October 10th 2020
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Week 20- Chocolate Flavours
T for Tasting
Tasting is a complex but very rewarding process – if you train your senses, you will see an improvement in your ability to recognise or describe a flavour or pair it with other food. In our case, with chocolate…
Our tastebuds, hidden under our papillae which cover our tongue, are the receptors for the 5 main flavours: sweet, sour, salty, bitter and umami.
In order to taste, we will use all of our senses, as well as our memory in order to remind us of the flavours we have tried before, or to discover a new one!
For that, our sense of smell plays an important role in enhancing flavours or triggering our memory to remind us of a specific flavour or an experience such as baking, family time or holidays.
On a more subtle level, there are a huge number of tasting notes in chocolate – have a look at our wheel of flavours below to give you an idea of the primary flavours (on the inside circle); these flavours can be very obvious or reveal themselves slowly as you let them develop in your mouth while the chocolate is melting. It will take practise to recognise the secondary flavours (on the outside circle).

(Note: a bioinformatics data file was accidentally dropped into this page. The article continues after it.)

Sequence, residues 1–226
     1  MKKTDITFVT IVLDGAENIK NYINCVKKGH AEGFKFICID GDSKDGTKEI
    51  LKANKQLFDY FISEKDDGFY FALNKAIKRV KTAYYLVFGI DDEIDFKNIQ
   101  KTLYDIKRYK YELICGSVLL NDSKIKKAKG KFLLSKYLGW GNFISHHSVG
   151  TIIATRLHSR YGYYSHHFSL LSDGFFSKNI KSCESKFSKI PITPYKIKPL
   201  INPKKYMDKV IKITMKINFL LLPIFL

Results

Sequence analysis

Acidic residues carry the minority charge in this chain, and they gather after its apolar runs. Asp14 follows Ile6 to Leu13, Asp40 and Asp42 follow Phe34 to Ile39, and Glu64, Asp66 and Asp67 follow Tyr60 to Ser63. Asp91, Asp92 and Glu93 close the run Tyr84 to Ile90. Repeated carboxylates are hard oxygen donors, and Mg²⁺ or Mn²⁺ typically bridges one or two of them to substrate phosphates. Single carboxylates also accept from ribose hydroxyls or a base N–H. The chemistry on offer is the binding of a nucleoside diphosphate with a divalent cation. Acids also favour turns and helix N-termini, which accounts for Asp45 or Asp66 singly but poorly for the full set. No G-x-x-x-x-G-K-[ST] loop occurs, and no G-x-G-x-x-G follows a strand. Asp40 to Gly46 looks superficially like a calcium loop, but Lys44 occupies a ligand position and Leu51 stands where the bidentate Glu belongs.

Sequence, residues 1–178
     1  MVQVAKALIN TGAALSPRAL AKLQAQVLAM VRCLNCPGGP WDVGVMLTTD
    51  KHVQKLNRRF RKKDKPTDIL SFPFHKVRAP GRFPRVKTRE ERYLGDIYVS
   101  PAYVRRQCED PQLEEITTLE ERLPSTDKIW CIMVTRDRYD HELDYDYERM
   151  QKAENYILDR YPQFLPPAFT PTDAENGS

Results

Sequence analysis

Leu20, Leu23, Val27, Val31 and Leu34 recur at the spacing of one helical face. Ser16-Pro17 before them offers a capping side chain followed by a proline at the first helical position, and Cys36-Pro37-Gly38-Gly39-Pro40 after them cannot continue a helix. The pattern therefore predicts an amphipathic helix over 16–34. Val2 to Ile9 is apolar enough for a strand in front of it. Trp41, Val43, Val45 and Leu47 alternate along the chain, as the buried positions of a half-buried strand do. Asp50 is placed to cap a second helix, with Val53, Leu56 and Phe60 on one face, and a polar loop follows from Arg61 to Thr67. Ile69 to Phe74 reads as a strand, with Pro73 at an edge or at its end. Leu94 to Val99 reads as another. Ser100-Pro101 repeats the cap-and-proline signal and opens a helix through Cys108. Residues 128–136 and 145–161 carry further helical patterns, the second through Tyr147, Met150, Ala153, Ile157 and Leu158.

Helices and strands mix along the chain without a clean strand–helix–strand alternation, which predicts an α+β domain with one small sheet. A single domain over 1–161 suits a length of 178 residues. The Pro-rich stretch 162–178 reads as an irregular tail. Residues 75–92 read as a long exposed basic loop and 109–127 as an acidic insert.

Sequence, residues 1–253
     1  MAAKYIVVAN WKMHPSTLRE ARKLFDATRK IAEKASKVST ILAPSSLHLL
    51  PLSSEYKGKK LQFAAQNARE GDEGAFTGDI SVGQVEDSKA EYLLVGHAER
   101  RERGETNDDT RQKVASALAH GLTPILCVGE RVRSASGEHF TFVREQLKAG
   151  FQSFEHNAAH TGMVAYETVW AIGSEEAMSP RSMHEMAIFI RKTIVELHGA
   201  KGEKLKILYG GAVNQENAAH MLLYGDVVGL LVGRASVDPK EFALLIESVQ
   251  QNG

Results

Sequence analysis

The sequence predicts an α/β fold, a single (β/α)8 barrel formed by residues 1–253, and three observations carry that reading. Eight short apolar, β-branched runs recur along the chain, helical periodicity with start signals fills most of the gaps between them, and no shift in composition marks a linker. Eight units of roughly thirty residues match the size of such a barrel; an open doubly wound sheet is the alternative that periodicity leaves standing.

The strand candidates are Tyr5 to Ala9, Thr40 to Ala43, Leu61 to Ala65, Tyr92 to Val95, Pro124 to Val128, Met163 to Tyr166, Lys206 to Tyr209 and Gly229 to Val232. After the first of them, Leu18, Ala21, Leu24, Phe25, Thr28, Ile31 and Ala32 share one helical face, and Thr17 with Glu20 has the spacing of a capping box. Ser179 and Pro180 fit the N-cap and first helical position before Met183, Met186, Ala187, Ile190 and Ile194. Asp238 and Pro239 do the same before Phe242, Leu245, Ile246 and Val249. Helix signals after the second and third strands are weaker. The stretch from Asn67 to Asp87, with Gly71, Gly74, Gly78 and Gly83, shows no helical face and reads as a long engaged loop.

Taste is also about texture: is it smooth, creamy, oily, gritty, velvety, or chewy? How it feels can really determine the taste; is it hot or cold, hard or soft, sticky or slippery, or even grainy?
We will have a little experiment today and compare at least two or more different chocolate bars, with a different cocoa percentage, or from different countries of origin, milk or dark – as you prefer, and plain without any flavours or any extra ingredients such as dry fruit, nuts or salt. Look at the ingredients on the back and make sure you are not allergic or intolerant to any of them, and that it fits any dietary requirements you may have.
PS. Our tastebuds don’t only tell us if it’s good, they also tell us if it’s bad, and can protect us from spoiled food or poison.
Due to recent events (COVID-19), we have seen our sense of both smell and taste changing for some, or becoming week before coming back slowly, or unfortunately for some people, not at all.
We hope you enjoyed and that you will begin to practise and think about this method every time you try a new chocolate, or any food at all. This way, you could maybe make it your profession one day, or simply one of your everyday pleasurable moments.
We thank you for your participation,
Programme in partnership with Melange Chocolate
"The True history of Chocolate" Thames & Hudson
"Encyclopedie du chocolate et de la confiserie" AFCC
"Collecting the World: The Life and Curiosity of Hans Sloane" by James Delbourgo
"Chocolate Wars" by Deborah Cadbury
"The Secret Life of Chocolate" by Marcos Patchett